Article link: https://www.whitesupremacyculture.info/uploads/4/3/5/7/43579015/okun_-_white_sup_culture_2020.pdf
In addition to this summer study, we invite you to join us on September 7, 2023, for a book talk with Kimberlee Yolanda Williams, the author of Dear White Woman, Please Come Home: Hand Me Your Bias, and I'll Show You Our Connection. Register for free here.
About the author:
“Hailing from the nation’s capital [Washington DC, United States of America] with huge hair, a million-watt smile, and contagious laughter, Kimberlee Yolanda Williams has had a heart for the perceived underdog for as long as she can remember. From her earliest years, Kimberlee’s experiences unfolded in communities filled with diversity of every kind, where gatherings around topics of equity and inclusion were explored with courageous authenticity. She grew up thinking engaging across differences was something everyone wanted to do and knew how to do. So why didn’t they do it?
As an educator, DEI [diversity, equity, and inclusion] administrator, consultant, workshop leader, speaker, and certified life and health coach, she has found herself in a variety of U.S. cities. With each new context she increasingly understood what held people back from crossing social divisions. Kimberlee found herself able to consciously place herself in the center of these divisions, in particular racial dynamics, and support people across the racial spectrum in stepping closer to one another.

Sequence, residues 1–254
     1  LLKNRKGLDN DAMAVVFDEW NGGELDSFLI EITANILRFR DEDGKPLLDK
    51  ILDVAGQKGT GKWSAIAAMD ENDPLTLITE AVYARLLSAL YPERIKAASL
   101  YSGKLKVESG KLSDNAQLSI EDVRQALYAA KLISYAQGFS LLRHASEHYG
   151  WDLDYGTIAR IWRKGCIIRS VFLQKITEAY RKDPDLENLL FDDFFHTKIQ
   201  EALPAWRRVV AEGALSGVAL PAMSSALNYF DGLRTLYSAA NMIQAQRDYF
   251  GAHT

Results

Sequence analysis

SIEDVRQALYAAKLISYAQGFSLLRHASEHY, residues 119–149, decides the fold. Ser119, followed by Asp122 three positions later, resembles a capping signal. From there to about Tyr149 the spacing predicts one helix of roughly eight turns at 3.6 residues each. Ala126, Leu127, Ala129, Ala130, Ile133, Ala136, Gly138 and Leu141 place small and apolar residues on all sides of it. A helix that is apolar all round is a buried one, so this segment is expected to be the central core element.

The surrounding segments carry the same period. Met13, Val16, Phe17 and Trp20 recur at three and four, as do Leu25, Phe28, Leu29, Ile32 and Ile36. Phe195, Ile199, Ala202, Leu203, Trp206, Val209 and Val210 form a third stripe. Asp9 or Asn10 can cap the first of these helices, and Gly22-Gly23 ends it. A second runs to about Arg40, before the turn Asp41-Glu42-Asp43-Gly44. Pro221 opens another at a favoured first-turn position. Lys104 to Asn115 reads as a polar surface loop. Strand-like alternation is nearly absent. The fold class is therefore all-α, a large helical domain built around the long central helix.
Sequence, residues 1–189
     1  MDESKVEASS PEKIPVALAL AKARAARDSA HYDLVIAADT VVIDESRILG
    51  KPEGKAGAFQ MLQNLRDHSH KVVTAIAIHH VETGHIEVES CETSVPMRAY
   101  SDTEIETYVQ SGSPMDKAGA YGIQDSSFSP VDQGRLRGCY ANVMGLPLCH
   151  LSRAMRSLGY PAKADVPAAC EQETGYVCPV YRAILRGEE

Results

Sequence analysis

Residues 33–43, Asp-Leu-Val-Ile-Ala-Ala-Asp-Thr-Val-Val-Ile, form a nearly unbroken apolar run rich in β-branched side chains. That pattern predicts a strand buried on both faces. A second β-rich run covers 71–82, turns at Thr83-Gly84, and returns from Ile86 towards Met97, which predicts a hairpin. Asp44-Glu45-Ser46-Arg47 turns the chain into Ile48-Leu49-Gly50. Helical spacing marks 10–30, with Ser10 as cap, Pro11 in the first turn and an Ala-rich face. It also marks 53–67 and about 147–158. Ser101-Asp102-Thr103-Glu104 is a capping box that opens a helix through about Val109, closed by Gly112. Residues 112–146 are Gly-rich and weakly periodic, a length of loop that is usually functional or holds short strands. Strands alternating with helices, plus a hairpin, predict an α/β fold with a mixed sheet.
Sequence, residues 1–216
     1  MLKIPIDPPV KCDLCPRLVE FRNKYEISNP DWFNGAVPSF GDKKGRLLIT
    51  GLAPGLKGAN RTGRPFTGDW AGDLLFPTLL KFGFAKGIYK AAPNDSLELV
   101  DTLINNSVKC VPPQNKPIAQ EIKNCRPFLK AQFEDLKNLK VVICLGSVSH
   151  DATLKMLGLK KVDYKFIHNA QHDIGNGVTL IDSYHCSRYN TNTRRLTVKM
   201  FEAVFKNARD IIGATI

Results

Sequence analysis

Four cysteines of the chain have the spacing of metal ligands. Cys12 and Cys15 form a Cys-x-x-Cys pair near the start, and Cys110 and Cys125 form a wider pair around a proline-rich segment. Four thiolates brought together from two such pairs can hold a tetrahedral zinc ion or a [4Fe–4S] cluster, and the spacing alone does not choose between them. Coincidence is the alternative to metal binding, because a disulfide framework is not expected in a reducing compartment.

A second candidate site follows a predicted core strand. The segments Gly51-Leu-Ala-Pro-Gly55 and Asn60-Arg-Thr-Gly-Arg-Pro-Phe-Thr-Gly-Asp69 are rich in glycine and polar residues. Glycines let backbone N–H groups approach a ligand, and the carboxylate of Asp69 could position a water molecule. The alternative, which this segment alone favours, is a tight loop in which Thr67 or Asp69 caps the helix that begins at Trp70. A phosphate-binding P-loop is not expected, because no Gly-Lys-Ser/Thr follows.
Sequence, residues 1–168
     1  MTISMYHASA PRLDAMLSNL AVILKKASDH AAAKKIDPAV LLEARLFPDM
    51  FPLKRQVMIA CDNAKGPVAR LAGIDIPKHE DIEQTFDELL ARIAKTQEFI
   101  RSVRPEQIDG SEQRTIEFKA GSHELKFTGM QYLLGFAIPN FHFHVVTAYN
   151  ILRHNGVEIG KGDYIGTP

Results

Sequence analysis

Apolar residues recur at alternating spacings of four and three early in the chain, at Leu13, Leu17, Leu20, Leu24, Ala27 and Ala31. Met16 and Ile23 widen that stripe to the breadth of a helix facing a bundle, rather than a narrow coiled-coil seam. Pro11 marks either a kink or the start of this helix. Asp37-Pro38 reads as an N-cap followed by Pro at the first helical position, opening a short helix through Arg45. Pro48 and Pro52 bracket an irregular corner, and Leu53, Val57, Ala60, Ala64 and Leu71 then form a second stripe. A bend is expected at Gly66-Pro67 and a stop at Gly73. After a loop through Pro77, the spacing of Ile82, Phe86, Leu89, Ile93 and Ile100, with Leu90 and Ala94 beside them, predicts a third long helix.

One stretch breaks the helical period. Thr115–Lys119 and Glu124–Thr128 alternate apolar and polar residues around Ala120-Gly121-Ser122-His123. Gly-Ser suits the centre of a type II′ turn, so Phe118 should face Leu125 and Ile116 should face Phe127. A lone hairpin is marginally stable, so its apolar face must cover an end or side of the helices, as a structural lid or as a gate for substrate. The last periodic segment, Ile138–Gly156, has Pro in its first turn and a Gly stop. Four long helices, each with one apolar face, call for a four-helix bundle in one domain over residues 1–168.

Kimberlee is first and foremost a humanist, a deep believer in what is possible when humanity is centered. Her mix of authenticity and raw truth gives permission for those around her to choose progress over perfection and bring their full selves into the room. She is known for finding humor and challenge at just the right moments, and like the best of coaches, leaning in and pushing audiences just enough to believe in the potential she sees. Her approach of connection and compassion is what makes a consultation feel like a conversation with your best friend, a workshop feel like a workout with your favorite trainer, and a presentation feel like a present from your closest confidant.
Kimberlee received a B.A. [Bachelor of Arts] in Foreign Language Education from the University of Maryland (go Terps!) and an M.S. [Master of Science] in Education from Dominican University. She currently lives in Seattle with her partner, where they refuel by being in community (with other folks of color), reading and reading some more, and relaxing near any body of water. In addition to all of the above, Kimberlee is a daughter, a granddaughter, a sister, a cousin, an aunt, a niece, a dancer, an avid learner of languages (five to date), a free spirit, an empath, and now a writer.
Dear White Woman, Please Come Home is Kimberlee's attempt to share with readers what her clients, workshop attendees, and audience members have felt for years. She always brings her full self, her DC flare, her sass, and her humor. She’s the best friend you didn’t know you had.”
Dr. Emily Meadows (she/her) is an LGBTQ+ consultant and published author specializing in international schools. She also teaches for the George Washington University graduate program in LGBT health policy and practice. Emily creates an environment that is non-judgmental and engaging for her clients while taking an intersectional approach that addresses both the why and the how of equity and belonging so that school communities can effectively affirm and support LGBTQ+ students, colleagues, and families.